The man of the hour back then was Jair Rosa Pinto. He’d bag nine goals, a record he shares for most goals in a single tournament with Humberto Maschio and Javier Ambrois.
Many were confident that, with Brazil hosting the following year’s World Cup, they would finally break their duck. It wasn’t meant to be, despite Jair’s brilliance. A tale widely known, Flavio Costa’s side would lose the Maracana final to Uruguay, which forever haunted Jair.
The great Pele described football as the “beautiful game” and no one typified that more than his former international teammate Rivellino, whose flamboyance was unmatched at the time. Though he never invented the “flip-flap”, instead perfecting it, that piece of skill is now synonymous with him.
As part of Brazil’s legendary 1970 team, with stars everywhere you looked, the Corinthians man shone to devastating effect. Although in Mexico he wore the number 11 jersey, whenever ’10’ was on his back, Rivellino seemingly grew in prominence as if the number possessed godly powers.
Kaka was the perfect attacking midfielder and thoroughly dominated the era before a certain duo began to re-write the book. His effortless approach won him plenty of admirers with several standout performances in 2007 earning him the coveted Ballon d’Or.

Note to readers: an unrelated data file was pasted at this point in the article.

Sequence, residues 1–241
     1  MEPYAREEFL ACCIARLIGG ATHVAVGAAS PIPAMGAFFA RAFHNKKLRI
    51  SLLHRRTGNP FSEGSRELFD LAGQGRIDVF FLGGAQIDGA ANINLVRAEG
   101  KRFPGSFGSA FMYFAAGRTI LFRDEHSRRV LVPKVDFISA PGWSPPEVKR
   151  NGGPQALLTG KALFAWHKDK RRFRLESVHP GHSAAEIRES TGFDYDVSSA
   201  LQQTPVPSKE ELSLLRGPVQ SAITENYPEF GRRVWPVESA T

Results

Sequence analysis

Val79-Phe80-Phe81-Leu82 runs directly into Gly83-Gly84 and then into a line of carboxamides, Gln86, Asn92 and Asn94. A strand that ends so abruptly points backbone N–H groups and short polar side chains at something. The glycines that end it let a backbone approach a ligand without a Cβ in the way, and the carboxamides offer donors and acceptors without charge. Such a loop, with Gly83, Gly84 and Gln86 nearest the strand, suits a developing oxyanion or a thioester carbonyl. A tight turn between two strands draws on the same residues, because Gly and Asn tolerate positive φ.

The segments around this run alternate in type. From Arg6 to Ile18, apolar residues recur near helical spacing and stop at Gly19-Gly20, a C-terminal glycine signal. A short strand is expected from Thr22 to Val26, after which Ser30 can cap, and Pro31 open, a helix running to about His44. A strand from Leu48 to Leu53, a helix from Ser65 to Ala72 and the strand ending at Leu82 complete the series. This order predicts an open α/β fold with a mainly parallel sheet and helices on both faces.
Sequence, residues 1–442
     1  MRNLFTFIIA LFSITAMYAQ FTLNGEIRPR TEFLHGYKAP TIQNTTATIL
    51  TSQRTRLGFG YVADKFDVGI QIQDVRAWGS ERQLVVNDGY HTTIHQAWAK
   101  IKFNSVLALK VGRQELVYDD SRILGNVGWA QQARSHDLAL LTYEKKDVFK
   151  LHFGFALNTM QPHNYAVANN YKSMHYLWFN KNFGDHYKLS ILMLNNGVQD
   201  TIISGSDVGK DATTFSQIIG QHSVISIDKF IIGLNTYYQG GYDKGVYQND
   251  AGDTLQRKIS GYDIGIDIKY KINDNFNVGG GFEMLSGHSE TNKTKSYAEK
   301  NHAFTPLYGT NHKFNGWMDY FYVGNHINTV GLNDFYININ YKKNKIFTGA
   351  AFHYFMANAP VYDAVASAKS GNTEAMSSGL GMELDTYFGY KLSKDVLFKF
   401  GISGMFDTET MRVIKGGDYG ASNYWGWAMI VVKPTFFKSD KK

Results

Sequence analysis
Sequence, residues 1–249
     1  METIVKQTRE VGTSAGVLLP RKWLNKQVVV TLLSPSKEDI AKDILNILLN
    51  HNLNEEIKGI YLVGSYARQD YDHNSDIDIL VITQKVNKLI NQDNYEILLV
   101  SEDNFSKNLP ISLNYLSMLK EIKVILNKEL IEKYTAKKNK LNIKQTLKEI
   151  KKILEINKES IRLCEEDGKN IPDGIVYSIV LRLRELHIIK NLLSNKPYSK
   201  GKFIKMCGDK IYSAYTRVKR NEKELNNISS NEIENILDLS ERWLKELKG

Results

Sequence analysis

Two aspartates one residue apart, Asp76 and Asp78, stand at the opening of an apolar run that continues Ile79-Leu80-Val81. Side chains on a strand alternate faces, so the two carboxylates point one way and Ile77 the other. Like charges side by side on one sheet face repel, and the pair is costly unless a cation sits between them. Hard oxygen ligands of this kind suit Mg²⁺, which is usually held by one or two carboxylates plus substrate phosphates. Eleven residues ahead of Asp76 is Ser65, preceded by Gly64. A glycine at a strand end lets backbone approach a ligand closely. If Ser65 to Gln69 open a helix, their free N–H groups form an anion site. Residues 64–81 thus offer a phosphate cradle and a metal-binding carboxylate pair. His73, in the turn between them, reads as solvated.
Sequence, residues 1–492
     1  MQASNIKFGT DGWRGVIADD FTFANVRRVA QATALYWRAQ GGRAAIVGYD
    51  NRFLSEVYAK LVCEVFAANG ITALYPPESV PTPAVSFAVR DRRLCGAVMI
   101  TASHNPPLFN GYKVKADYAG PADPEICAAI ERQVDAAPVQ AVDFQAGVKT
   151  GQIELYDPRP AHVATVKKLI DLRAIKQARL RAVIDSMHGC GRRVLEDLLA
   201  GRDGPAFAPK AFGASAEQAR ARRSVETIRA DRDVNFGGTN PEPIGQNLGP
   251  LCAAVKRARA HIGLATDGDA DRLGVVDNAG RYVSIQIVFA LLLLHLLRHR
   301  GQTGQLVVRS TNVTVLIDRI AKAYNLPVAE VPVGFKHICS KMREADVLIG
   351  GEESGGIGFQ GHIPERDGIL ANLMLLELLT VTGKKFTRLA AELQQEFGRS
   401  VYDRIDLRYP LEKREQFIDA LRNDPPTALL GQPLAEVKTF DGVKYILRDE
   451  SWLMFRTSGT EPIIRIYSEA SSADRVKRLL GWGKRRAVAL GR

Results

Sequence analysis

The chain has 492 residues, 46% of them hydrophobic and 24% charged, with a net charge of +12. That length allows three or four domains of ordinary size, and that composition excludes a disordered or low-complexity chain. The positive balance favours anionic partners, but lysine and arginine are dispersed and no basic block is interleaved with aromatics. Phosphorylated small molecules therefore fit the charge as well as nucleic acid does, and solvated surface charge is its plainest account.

He saw first-hand, as a member of Brazil’s squad at the 2002 World Cup, what the championship meant to his countrymen, and though he never came close to winning it during his peak years, Kaka nonetheless is truly his nation’s last classic trequartista.
Neymar burst onto the scene at such a ferocious pace that he seemed destined to become Brazil’s greatest-ever player. He could become the nation’s greatest-ever goalscorer, with his tally of 75 just two shy of Pele’s 77, but until he lifts the Jules Rimet Trophy, he will remain on a pedestal below the ballet blanco. Could that change in Qatar, though?
It’s fair to say Rivaldo doesn’t always get the universal love he deserves — and we are not talking about a certain theatrical moment. For a long period, the lanky winger, though comfortable inside, was near unplayable.
He’d terrify opposition defenders and had a wicked cross on him. And let’s not get started on his incredible shooting ability. Across a period Rivaldo was unplayable.